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UNITED STATES v. KESSLER

UNITED STATES DISTRICT COURT EASTERN DISTRICT OF NEW YORK


June 24, 1957

UNITED STATES of America
v.
Morris Joseph KESSLER, Joseph Kinsella, Emanuel George Castellitto and John Helmer Torta, Defendants

The opinion of the court was delivered by: BRUCHHAUSEN

The defendants, Morris Joseph Kessler, Joseph Kinsella, Emanuel George Castellitto and John Helmer Torta were indicted on two counts, in substance, as follows:

Count one: That on or about April 12, 1956, the defendants transported from the Reliable Warehouse in New Jersey to Brooklyn, property of Reynolds Aluminum Company, consisting of eight skids of sheet aluminum, valued at more than $ 5,000, knowing same to have been stolen, in violation of 18 U.S.C. Sections 2 and 2314.

 Count two: That on or about and between the first day of February, 1956 and the 18th day of April, 1956, the said four defendants, in this district, conspired to transport merchandise valued at more than $ 5,000 from New Jersey to Brooklyn, knowing the same to have been stolen, in violation of 18 U.S.C. Section 371.

 The defendants Kinsella and Castellitto pleaded guilty. The defendants Kessler and Torta waived trial by jury. The trial was held before the undersigned on April 10 and 11, 1957.

 The principal defense is that the testimony of the Government's witness, Edgar Robbins, as to the contents of records, not produced, was not competent. The Court has not found it necessary to consider this evidence in its determination of the case. Other contentions of the defendants are that the prosecution failed to establish the identify of the merchandise and that it was taken without the consent of the owner.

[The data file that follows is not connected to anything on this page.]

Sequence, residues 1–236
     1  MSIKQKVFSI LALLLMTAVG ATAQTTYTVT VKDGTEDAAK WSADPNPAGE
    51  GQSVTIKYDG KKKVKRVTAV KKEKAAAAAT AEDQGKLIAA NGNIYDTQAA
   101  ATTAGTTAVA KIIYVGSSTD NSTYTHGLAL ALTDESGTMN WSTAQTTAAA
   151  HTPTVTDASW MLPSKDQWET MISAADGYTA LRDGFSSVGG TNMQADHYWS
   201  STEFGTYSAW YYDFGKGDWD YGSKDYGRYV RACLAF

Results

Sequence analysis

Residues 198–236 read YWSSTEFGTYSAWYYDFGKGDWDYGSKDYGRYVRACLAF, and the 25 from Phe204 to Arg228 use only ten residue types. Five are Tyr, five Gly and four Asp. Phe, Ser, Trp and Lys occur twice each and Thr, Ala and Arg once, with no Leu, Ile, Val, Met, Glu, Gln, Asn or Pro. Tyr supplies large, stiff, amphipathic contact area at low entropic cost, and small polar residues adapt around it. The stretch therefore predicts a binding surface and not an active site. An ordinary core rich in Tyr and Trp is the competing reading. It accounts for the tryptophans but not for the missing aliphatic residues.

The Government's witnesses are identified as follows:

 Edgar Robbins, an official of The Reynolds Company,

 Joseph L. Kinsella, employed as a Checker at the Reliable Warehouse in Newark, New Jersey, which was under lease to The Reynolds Company,

 James Coles, a truck driver, engaged by the defendants Kessler and Torta to transport aluminum from the Reliable Warehouse to a warehouse in Brooklyn,

 Burton Lewis, manager of The Brooklyn Steel Warehouse Company,

 Abraham Ackerman, purchaser of the aluminum,

 James O. Ponder and Edward T. Kelly, Special Agents of the Federal Bureau of Investigation, and

 Robert E. Arnold, a representative of The New York Telephone Company.

 The witness Robbins, an official of The Reynolds Company, testified that the Company leased the Reliable Warehouse in Newark, New Jersey (12); that all of the merchandise in the Warehouse was the property of the Company (26, 36); that On April 17, 1956 (five days after the alleged theft), he identified the 8 skids of aluminum, found in The Brooklyn Steel Warehouse, as aluminum, manufactured by The Reynolds Company (5, 6); that on or about April 30, 1956, an inventory taken at the Reliable Warehouse disclosed that more than 18 skids were missing (36); that he has kept himself informed of the market value of aluminum and that the retail price of the 8 skids exceeded the sum of $ 10,000 (18, 19).

 The witness Kinsella, the checker at the Reliable Warehouse, testified as to the removal of a load of aluminum in the early part of March 1956; that in the latter part of February 1956 he conferred with the defendant Castellitto about stealing a load of aluminum from the Warehouse and splitting the proceeds of sale between them (47, 48); that they again conferred about it early in March 1956 (49); that a few days later the witness telephoned Castellitto to bring a truck in (50); that on that same day the defendants Castellitto and Torta arrived at the Warehouse with a trailer truck (50); that six skids were put on the truck (55); that Castellitto told the witness he would telephone him about his cut (56); that a few days later Castellitto paid the witness $ 550 for his share of the sale of the skids (57).